The Pokémon series uses a total of 5 different formulas to determine how much experience is required to get to the next level. Likewise, in RPG games, each character has a formula for determining when they're going to level up, sometimes shared, but generally different.

I want to have that kind of simplicity in my game—I want to have a quick few formulas for each character, or, better yet, for each class.

My question is simple. Am I able to use the formulas that Pokémon uses for their level ups (namely 4n^3 / 5, n^3 and 5n^3 / 4), or would I have to come up with my own?

  • \$\begingroup\$ Why would you choose a formula, that was perfected for a specific game instead of creating and perfecting your own? \$\endgroup\$
    – Bálint
    Oct 2 '17 at 17:56
  • \$\begingroup\$ It's a pretty great formula. It's highly likely, if necessary, that we'll tweak it, but this is on the off chance that we won't have to. \$\endgroup\$
    – ND523
    Oct 2 '17 at 17:58
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    \$\begingroup\$ BTW, since these aren't patented (I'm not sure if you could even patents them) and they're literally 3 to 6 characters long, it's like getting sued by the producer of "Night of the living dead", because your game uses the word zombie \$\endgroup\$
    – Bálint
    Oct 2 '17 at 18:01
  • \$\begingroup\$ @Bálint That makes sense. \$\endgroup\$
    – ND523
    Oct 2 '17 at 18:19
  • \$\begingroup\$ You should ask this question on Law.se \$\endgroup\$ May 5 '18 at 4:08

I think my comments sway dangerously close to answering this question as best as we can, for being a question and answer site based on Game Development and not Law, so I am going to elaborate in an answer.

As a disclaimer, I am not a lawyer. This is not legal advice, and when in doubt, you should always consult a lawyer; but that is the entire point I am trying to make.

Your effectively asking if an algorithm is can be copyrighted. This question has been asked on Quora, with the top answer suggesting that the algorithm is automatically protected by being distributed in source code. It goes on to say that the original created is not protected against others recreating the algorithm using different logic, suggesting that you may be protected by changing the algorithm.

Jon Seymour, programmer, problem solver, procrastinator. Answered Jan 3, 2016

The expression of an algorithm in a source code file can be copyrighted.

Such rights may allow the rights holder to prevent unauthorised reproduction of particular pieces of source code that embody an algorithm. However, such rights do not pertain to the algorithm itself and so copyright itself does not prevent others creating other expressions of the same algorithm in some other form, such as a different source code file.

I have found further articles that detail how tricky and confusing this can be, including on imranontech, which describes how the author had the assumption that an algorithm could not be copyrighted, and changed their mind after consulting actual legal documentation. It is worth a read, if your interested; he also goes into some case studies of situations where this has come up in court.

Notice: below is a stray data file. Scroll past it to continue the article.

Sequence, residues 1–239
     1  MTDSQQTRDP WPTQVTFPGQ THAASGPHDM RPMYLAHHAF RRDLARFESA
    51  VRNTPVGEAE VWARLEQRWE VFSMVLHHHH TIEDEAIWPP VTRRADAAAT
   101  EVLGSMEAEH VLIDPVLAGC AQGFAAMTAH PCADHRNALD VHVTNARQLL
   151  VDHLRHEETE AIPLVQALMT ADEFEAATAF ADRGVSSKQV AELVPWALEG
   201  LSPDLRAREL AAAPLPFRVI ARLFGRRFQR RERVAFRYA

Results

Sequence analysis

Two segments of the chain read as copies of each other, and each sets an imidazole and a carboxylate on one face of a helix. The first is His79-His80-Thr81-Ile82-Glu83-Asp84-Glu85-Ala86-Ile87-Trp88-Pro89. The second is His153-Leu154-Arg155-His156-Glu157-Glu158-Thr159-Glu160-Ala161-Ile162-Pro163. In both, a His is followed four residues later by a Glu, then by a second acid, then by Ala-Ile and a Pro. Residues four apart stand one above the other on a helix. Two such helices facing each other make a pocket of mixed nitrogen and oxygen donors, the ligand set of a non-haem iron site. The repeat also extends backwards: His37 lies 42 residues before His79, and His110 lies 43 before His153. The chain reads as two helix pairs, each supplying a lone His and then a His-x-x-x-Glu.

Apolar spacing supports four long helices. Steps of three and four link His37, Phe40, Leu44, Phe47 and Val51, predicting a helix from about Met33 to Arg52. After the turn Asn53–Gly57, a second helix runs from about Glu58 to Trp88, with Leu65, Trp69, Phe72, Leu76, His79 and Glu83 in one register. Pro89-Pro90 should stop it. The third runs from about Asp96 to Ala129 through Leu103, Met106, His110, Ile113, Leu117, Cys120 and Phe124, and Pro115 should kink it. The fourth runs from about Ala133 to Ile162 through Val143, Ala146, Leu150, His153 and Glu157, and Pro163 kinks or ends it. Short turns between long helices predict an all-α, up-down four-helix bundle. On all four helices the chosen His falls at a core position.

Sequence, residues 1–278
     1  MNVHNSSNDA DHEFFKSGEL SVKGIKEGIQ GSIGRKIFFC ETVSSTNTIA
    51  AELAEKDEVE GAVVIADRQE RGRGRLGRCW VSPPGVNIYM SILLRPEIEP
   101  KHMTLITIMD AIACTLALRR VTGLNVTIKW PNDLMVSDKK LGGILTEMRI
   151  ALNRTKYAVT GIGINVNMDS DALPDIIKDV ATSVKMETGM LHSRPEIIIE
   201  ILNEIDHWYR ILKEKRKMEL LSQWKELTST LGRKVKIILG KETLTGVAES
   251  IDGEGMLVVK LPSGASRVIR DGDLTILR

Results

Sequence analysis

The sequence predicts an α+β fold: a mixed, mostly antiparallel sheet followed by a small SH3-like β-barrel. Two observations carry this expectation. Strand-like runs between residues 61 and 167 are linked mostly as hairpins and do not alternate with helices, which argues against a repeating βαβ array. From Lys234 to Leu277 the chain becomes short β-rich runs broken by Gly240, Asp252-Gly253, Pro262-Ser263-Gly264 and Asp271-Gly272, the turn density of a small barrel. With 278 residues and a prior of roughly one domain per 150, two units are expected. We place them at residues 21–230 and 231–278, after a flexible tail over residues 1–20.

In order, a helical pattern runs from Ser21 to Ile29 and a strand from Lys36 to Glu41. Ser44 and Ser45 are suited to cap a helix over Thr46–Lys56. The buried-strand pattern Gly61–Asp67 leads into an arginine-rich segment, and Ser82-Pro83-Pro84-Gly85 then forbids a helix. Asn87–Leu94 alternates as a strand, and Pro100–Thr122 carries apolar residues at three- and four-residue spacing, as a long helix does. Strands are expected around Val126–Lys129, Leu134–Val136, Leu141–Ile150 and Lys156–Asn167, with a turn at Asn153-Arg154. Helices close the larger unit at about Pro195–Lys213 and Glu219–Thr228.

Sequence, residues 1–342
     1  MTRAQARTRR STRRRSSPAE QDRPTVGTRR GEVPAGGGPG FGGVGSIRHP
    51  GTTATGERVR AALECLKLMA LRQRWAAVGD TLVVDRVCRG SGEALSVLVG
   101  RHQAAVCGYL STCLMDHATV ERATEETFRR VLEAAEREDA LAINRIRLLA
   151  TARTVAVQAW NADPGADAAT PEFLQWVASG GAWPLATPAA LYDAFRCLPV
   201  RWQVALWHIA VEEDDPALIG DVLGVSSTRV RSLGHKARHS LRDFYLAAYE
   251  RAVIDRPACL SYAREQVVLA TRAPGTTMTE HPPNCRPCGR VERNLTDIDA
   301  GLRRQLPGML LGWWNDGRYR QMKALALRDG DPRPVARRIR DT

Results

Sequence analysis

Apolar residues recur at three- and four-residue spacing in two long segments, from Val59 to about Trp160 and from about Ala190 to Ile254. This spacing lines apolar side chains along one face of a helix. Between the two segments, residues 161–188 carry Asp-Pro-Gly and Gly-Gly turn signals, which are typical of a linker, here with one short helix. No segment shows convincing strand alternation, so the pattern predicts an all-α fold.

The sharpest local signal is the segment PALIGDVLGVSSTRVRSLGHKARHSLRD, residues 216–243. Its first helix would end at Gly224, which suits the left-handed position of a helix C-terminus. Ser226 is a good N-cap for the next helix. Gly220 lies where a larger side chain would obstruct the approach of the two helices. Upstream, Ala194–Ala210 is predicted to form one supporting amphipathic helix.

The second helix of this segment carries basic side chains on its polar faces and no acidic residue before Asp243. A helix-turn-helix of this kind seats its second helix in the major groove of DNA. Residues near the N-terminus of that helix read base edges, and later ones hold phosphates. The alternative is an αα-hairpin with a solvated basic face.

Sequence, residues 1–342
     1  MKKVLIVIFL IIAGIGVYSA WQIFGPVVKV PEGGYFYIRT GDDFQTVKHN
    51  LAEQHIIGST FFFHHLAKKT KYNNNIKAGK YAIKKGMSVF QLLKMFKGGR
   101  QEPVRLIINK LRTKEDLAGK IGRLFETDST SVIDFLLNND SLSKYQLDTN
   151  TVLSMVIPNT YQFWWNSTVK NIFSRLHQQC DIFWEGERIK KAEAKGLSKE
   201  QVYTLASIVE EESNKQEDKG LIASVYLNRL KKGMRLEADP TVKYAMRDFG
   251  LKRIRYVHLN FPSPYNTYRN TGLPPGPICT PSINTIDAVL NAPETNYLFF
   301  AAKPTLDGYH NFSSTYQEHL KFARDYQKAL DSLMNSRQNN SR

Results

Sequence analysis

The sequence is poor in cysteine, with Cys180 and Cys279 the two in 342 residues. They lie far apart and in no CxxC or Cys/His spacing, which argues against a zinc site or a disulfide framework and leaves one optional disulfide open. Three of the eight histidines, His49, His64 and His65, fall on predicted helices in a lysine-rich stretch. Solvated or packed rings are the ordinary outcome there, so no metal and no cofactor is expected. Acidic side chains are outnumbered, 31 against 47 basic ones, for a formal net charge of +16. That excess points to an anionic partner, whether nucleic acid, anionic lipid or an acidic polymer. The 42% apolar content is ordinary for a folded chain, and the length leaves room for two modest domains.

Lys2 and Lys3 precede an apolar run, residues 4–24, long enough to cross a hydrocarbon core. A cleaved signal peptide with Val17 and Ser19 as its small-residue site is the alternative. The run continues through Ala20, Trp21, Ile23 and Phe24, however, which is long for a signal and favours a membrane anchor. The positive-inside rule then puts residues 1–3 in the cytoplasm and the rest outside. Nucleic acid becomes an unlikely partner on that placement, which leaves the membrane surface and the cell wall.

Bálint makes an excellent point, though from the opposite perspective:

BTW, since these aren't patented (I'm not sure if you could even patents them) and they're literally 3 to 6 characters long, it's like getting sued by the producer of "Night of the living dead", because your game uses the word zombie – Bálint 3 hours ago

The reason this is an excellent point is because the word zombie was a trademark of Marvel. You quite literally could have been sued for using it. I can only find articles conveying this fact as one of "ten fun facts", or the like, in the limited time I currently have. I may bring this up, later, on Skeptics.

The point I am trying to make is that you should really consult a lawyer

At the end of the day, these are all sources from other people, on the Internet. Likewise, we are all just random people, on the Internet. If you have any doubt, you should consult a lawyer. The reasoning is rather simple; if you can not afford the peace of mind of consulting a lawyer on the matter, you could not afford the repercussions of being sued over your use of the algorithm. In fact, if you are allowed to use this algorithm, The Pokemon Company could still sue you over it. It is the resulting action of the court case that determines whether you have the right to use this algorithm, and you could easily be spending a lot of money fighting the case, before you reach this ultimate decision. Assuming The Pokemon Company finds out, and actually takes action.

Ultimately, it may not be worth it, and that it something you need to decide for yourself. I am not going to be in any serious trouble, if I am wrong. Neither are any of the other users here. You have a lot more invested in this, and considering your comment that you will very likely alter the algorithm, that might very well be the safest bet to make.


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